Political Cartoonist Art Young Was an Aficionado of all Things Infernal

Fantagraphics' new edition of Inferno takes Art Young's original Depression-era critique to the Trump Whitehouse -- and then drags it all to Hell.

Love in the Time of Coronavirus

OK Go's Emotional New Ballad, "All Together Now", Inspired by Singer's Bout with COVID-19

Damian Kulash, lead singer for OK Go discusses his recent bout with COVID-19, how it impacted his family, and the band's latest pop delight, "All Together Now", as part of our Love in the Time of Coronavirus series.


The Rules Don't Apply to These Nonconformist Novelists

Ian Haydn Smith's succinct biographies in Cult Writers: 50 Nonconformist Novelists You Need to Know entice even seasoned bibliophiles.


Siren Songs' Merideth Kaye Clark and Jenn Grinels Debut As a Folk Duo (album stream + interview)

Best friends and longtime musical collaborators Merideth Kaye Clark and Jenn Grinels team up as Siren Songs for the uplifting folk of their eponymous LP.


Buzzcocks' 1993 Comeback 'Trade Test Transmissions' Showed Punk's Great Survivors' Consistency

PopMatters' appraisal of Buzzcocks continues with the band's proper comeback LP, Trade Test Transmissions, now reissued on Cherry Red Records' new box-set, Sell You Everything.


Archie Shepp, Raw Poetic, and Damu the Fudgemunk Enlighten and Enliven with 'Ocean Bridges'

Ocean Bridges is proof that genre crossovers can sound organic, and that the term "crossover" doesn't have to come loaded with gimmicky connotations. Maybe we're headed for a world in which genres are so fluid that the term is dropped altogether from the cultural lexicon.


Claude McKay's 'Romance in Marseille' Is Ahead of Its Time

Claude McKay's Romance in Marseille -- only recently published -- pushes boundaries on sexuality, disability, identity -- all in gorgeous poetic prose.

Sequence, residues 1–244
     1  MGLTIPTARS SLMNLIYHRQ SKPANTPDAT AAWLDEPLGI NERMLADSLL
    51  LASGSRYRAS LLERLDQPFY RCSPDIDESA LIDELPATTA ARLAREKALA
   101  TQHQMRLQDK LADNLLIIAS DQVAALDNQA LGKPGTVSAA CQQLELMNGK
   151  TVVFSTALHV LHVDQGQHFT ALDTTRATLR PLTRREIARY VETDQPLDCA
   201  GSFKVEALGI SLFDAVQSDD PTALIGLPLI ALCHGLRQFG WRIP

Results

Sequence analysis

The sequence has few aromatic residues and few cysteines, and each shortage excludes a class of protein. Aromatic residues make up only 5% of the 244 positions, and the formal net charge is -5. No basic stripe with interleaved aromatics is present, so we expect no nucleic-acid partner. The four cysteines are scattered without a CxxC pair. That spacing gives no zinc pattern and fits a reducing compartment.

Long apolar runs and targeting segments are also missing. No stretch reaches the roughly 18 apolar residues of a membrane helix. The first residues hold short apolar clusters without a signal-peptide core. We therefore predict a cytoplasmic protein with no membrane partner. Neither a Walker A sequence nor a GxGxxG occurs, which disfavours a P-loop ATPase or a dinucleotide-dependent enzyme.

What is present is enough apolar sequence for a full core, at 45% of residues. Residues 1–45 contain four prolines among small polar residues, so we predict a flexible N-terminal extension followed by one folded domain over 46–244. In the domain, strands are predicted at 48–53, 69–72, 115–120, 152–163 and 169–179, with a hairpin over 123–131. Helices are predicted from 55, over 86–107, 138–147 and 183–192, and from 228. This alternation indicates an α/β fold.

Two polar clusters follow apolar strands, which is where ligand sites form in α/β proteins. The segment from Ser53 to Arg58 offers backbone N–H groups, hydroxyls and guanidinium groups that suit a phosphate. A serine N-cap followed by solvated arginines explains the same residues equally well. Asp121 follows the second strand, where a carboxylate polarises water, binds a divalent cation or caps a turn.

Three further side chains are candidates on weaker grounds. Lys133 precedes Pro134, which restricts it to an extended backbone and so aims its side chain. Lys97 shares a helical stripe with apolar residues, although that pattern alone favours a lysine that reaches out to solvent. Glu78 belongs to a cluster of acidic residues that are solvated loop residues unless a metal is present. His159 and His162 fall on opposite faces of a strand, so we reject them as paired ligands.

Christine Ott Brings the Ondes Martenot to New Heights with the Mesmerizing 'Chimères'

France's Christine Ott, known for her work as an orchestral musician and film composer, has created a unique new solo album, Chimères, that spotlights an obscure instrument.


Man Alive! Is a Continued Display of the Grimy-Yet-Refined Magnetism of King Krule

Following The OOZ and its accolades, King Krule crafts a similarly hazy gem with Man Alive! that digs into his distinct aesthetic rather than forges new ground.


The Kinks and Their Bad-Mannered English Decency

Mark Doyles biography of the Kinks might complement a seminar in British culture. Its tone and research prove its intent to articulate social critique through music for the masses.


ONO Confronts American Racial Oppression with the Incendiary 'Red Summer'

Decades after their initial formation, legendary experimentalists ONO have made an album that's topical, vital, uncomfortable, and cathartic. Red Summer is an essential documentation of the ugliness and oppression of the United States.


Silent Women Filmmakers No Longer So Silent: Alice Guy Blaché and Julia Crawford Ivers

The works of silent filmmakers Alice Guy Blaché and Julia Crawford Ivers were at risk of being forever lost. Kino Lorber offers their works on Blu-Ray. Three cheers for film historians and film restoration.

Collapse Expand Reviews

Collapse Expand Features
PM Picks
Collapse Expand Pm Picks

© 1999-2020 All rights reserved.
PopMatters is wholly independent, women-owned and operated.